There is a very Final Destination feel that immediately sets in, the inescapable feeling of death. As she makes her way to the safety of her home, a safety that is immediately stolen, a man begins to follow her, watching her – ready to complete what has been promised. As it continued, I found myself calling back to both Netflix’s Black Mirror and Quibi’s The Stranger, giving the film a knowledgeable feeling of the genre and the inspirations it clearly has called upon.

As it continues, bringing audiences to its epic and unresolved conclusion, the entirety of DeadMe feels like a proof of concept to via for a coveted spot in the Blumhouse collection of horror. And as DeadMe concludes, I find myself wanting more, a fun little horror I would love to see come to full fruition. That is until I realized I had heard this story before. Back in October 2019, a quiet horror release brought about Countdown, a film following a young nurse who downloads an app that gives users their supposed time of death. As she tries to escape the seemingly inescapable, she is followed by an unknown figure. Unfortunately for DeadMe, within this recall, it loses much of its pizazz it initially boasts.

Per Tutta La Vita (Roberto Catani)

Ridgefield International Film Festival 2020: Psych Night Shorts
Per Tutta La Vita (2019) – source: Ridgefield International Film Festival

Honestly, I am still scratching my head with this one. Placed within the horror shorts collection, there is a feeling of miscategorization, the short seemingly not a horror, fitting better with the international or animated short categories. The night’s second animated short, it is a spectacular display in animation, images flowing in and out of one another, displaying a connection between humans, inanimate objects, and the world around them.

There is a feeling of love that is all the more heightened by the score of French amor, though the horrors one would expect absent from the screen. When you read the synopsis, you are informed this is an abandoned acrobat lamenting a relationship lost and the love that was once shared. There is a horror in the recollection of what losing a loved one is like, as we have all experienced heartbreak throughout our life, yet the animation is bright and youthful, promising that even though two lives were once entwined, there will always be another.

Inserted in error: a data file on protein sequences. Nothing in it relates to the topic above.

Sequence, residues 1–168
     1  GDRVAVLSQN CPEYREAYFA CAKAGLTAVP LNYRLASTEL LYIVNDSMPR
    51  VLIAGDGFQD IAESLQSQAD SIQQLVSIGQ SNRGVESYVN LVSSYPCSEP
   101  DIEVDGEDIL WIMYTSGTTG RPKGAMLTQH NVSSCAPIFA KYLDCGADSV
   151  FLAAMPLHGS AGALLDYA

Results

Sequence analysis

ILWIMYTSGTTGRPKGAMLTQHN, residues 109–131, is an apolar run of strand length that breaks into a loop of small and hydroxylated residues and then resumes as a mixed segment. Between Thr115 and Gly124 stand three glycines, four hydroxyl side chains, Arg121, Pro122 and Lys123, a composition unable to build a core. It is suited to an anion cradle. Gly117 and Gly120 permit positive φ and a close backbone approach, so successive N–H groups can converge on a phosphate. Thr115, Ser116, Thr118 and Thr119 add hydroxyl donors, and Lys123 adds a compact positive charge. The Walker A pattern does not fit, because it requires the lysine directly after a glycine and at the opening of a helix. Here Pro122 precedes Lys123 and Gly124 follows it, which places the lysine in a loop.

Canal (Piers Hunt, Michael Jinks)

Ridgefield International Film Festival 2020: Psych Night Shorts
Canal (2020) – source: Ridgefield International Film Festival

Canal, from directors Piers Hunt and Michael Jinks, is another intriguing short brought to audiences through the Psych Night collection. As a young woman makes her way through the darkened streets and under the cover of the bridges that transverse the canals, she catches a glimpse of a man following her. As she feels escape is not possible, she confronts the man, pushing him into the canal – only to discover he was just trying to return her phone he had seen her drop. Why he would not just yell out that she had dropped her phone? This is one of the many questions that will arise as you watch the short.

After she helps him out of the canal, the gentlemen finds himself once again in the thrust of distrust as the woman’s fiancée arrives, perceiving she is in trouble and punching him right in the face. As the misconstrued situation is straightened out, the couple invites the man to their home to dry his clothes, stating it is the least they can do. Yet, as the short will prove, you should always go with your gut.

Canal is a short that builds its suspense, attempting to calm its audience into a false sense of security as it builds its narrative. Much like our young couple, audiences will feel their gut telling them to run and hide – leading audiences to scream “no!” at the screen before them. Yet, the short takes to much time building that suspense, spending more time easing audiences, than digging deep the idea of the many faces of individuals. It also does not trust its audience to put the pieces together, making the final conclusion obvious long before it has arrived. It is an entertaining short, but one I had wished had been a bit more.

Unspoken (Alessandro Girolami)

Ridgefield International Film Festival 2020: Psych Night Shorts
Unspoken (2020) – source: Ridgefield International Film Festival

The night came roaring back to life in the eerie and heartbreaking short of Unspoken, from director Alessandro Girolami. As a young boy looks on at a couple, he feels he is not alone. Turning around, he is faced with a dark fog-shrouded figure. Immediately running home, we are reintroduced to the young boy as he sits solemnly on his bed, a picture in hand, his mother comfortably sitting beside him. Viewers immediately come to understand that for some undisclosed reason, the boy has gone mute, attempts by the parents and doctors unsuccessful.